Placebo at Brooklyn Steel (photo by Kate Hoos)
Unlike with many bands that became popular in the 90s, this is not a reunion tour: Placebo has continued to release music since then. Although 2022’s Never Let Me Go is their first full length album since 2013’s Loud Like Love, there was an EP and an MTV Unplugged performance in the meantime to tide fans over. And in that span of time they have both changed and not—every album has its own vibe, if you will permit me to use the word, but Placebo always sound like Placebo, and they brought that sound to Brooklyn Steel this past weekend.
A very different band from Placebo at first glance, Big Joanie were an excellent choice of opener. Guitarist Stephanie Phillips, bassist Estella Adeyeri and drummer Chardine Taylor-Stone—all three provide vocals—are a UK trio who proudly declare themselves as a Black feminist punk band. Currently touring in support of their second album Back Home, which is out on Kill Rock Stars and Daydream Library Series, the two Brooklyn Steel shows were their first ever in NYC and the band made a special trip here just for them. While talking to the crowd they noted the influence of Placebo as a “queer punk awakening” for many people.
Musically, Big Joanie moves through riot grrrl to post-punk to synth-pop to create a sound all their own. They started out laid back on stage but built energy as the show progressed. A mix of analog and digital drums paired with synth support lent a unique edge to their rock, and their harmonies are the cherry on top. A highlight for me was during their single “Sainted,” when Adeyeri switched to guitar and absolutely shredded.
Between songs, the band called for support for trans people both here and across the pond and encouraged the audience to read Black feminist literature (“think about the centrality of Black women within the nexus of oppression”) and to join and stand in solidarity with trade unions. Their calls to action drew applause from the crowd (although I noted the only people near me who yelled support while Taylor-Stone was still talking were men—they got the spirit I guess, but read the room.)
I was left excited to check out more of Big Joanie’s music, and to hopefully catch them on their next visit to NYC in May at either Union Pool (5/25) or Baby’s All Right (5/26).
Big Joanie at Brooklyn Steel
After a long lead up and a pre-recorded message asking fans not to view the show through their phones—“enjoy this fleeting and temporary moment”—Placebo launched into the opening track from Never Let Me Go, “Forever Chemicals” (perhaps one of their best songs ever, no exaggeration). Sporting a new look with long hair and a mustache, singer Brian Molko’s voice is exactly the one you remember. The band is down to two members now, Molko and Stefan Olsdal on guitar and bass, but a complement of touring musicians rounded out the lineup. The sound was tight as hell, and accompanied by visuals of the band mixed from live video in real time.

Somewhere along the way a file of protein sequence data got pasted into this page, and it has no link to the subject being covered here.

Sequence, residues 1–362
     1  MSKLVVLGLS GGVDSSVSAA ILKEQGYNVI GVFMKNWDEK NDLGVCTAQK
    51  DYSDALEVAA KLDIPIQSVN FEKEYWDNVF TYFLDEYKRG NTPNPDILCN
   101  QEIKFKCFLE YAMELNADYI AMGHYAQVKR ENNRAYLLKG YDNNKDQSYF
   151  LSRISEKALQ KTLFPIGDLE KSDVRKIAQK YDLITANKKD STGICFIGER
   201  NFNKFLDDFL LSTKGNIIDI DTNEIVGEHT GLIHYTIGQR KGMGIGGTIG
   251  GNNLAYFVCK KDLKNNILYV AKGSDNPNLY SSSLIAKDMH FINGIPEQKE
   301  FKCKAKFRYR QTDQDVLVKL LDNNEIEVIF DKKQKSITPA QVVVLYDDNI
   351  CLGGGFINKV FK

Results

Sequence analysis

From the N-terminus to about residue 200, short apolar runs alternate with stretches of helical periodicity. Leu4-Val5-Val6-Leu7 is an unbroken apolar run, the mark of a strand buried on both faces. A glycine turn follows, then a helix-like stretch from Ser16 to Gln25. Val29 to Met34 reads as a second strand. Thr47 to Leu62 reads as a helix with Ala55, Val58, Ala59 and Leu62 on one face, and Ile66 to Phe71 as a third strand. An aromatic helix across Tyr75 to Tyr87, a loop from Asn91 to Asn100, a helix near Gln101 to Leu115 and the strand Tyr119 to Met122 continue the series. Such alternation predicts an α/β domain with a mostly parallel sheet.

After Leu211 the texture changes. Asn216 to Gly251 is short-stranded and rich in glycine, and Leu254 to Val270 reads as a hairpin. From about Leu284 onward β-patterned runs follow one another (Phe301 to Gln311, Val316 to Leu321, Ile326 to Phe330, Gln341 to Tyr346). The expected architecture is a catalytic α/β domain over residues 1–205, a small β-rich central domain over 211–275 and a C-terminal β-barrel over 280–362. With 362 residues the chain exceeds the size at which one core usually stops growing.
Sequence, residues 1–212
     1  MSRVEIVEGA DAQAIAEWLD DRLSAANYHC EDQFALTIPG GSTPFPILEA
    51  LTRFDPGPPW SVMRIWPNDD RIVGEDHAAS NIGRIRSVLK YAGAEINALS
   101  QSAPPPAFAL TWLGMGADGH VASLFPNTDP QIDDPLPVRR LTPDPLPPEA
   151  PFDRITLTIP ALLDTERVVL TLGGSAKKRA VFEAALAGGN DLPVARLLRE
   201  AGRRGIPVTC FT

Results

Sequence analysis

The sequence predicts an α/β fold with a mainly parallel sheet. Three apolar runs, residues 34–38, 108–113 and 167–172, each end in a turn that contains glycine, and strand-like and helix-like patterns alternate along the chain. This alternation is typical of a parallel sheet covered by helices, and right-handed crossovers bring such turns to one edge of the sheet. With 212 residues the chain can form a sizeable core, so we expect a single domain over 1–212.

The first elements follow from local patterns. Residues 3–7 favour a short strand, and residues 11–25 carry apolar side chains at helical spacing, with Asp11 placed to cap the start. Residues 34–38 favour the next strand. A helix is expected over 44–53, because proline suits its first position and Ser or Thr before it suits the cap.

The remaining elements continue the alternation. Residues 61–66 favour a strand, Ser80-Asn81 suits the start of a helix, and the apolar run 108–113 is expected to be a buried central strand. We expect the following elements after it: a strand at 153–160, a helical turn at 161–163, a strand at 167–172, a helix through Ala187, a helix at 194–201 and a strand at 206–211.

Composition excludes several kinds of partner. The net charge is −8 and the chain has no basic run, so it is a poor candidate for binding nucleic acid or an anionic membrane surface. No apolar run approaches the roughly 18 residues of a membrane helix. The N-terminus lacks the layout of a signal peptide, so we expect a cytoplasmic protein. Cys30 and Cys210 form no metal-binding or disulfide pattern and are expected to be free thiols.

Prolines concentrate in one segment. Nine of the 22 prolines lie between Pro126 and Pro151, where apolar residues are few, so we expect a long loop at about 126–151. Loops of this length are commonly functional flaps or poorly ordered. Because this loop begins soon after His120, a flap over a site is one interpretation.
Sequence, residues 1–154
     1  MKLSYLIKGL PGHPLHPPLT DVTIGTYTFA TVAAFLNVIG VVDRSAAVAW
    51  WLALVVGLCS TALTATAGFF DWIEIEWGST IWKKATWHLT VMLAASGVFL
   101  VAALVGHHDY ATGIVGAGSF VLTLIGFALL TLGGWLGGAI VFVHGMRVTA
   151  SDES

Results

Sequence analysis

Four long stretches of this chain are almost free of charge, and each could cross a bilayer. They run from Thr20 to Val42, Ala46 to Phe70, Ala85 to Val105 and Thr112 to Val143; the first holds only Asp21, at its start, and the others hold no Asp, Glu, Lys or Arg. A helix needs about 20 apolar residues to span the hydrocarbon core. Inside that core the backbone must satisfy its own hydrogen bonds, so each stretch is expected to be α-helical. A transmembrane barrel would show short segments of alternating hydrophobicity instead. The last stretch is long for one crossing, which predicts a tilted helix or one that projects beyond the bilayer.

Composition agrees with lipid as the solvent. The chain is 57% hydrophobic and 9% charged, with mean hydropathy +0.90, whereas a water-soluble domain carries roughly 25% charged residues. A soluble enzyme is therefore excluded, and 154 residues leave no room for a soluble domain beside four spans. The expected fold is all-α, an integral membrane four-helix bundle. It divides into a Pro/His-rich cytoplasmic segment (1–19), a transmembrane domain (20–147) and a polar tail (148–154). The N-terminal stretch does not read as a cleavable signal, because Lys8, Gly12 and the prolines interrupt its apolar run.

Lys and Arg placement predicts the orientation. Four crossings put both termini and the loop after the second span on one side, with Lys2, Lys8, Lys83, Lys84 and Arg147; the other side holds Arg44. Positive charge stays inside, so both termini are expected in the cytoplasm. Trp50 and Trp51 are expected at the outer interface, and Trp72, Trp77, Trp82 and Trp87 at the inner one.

The setlist leaned heavily on new material. Never Let Me Go is metallic and jagged in the harder parts and blissed and chilled at times, and the songs were particularly sharp in a live setting. Tracks like “Twin Demons” and “Hugz” sounded huge in the mid-size venue. Placebo are a band known for their dark tones and moody lyrics, and much of their new material could be seen as misanthropic (“Try Better Next Time” in particular seems to have given up on humanity, extolling them to “grow fins, go back in the water” since we’ve fucked up so badly this go around) but there are moments of beauty to be found as well. “Happy Birthday In The Sky” was dedicated to Molko’s brother who passed away last year. Molko also noted his grandmother is from Canarsie and related his memories of Brooklyn.
Placebo at Brooklyn Steel
Of course subject matter aside, Placebo are excellent at hooks and their anthemic choruses make them a band people can sing along with live. Olsdal was energetic throughout the show, extolling the crowd to clap at times. Molko is in my opinion an underrated and under-discussed guitarist, who gets vicious tones from his stable of guitars and surgical downpicking.
There were some older tunes interspersed throughout, including “Bionic” off their debut and “Slave To The Wage” from Black Market Music. My favorite Placebo song “Too Many Friends” made an appearance as well. The lyrics “all you people do all day is stare into a phone” was made particularly ironic, as Molko reiterated the band’s request for no phones after that number. It is of course their prerogative to make such a request, and as Molko told Vice last year, “We’ve had shitloads of time to think about the demands that are placed on us—being photographed and fetishised and surveilled—and how it makes us feel.” But in this day and age of Instagram, it can take a little prodding for an audience to play along.
The three song encore consisted of new track “Fix Yourself” bookended by two covers: Tears For Fear’s “Shout” and Kate Bush’s “Running Up THat Hill,” a song which is having a bit of a renaissance, but that Placebo covered way back in 2003. After some extended playing around with noise and pedals, the night was over. Some audience members were doubtlessly wondering where the hits from Without You I’m Nothing had gone, but as a band still moving forward, that too is Placebo’s prerogative.
Scroll down for setlist, pics of the show (photos by Kate Hoos)
Setlist: Forever Chemicals, Beautiful James, Scene of the Crime, Hugz, Happy Birthday in the Sky, Bionic, Twin Demons, Surrounded by Spies, Chemtrails, Sad White Reggae, Try Better Next Time, Too Many Friends, Went Missing, For What It’s Worth, Slave to the Wage, Song to Say Goodbye, Come Undone, The Bitter End, Infra-Red Encore: Shout (Tears for Fears cover), Fix Yourself, Running Up That Hill (Kate Bush cover)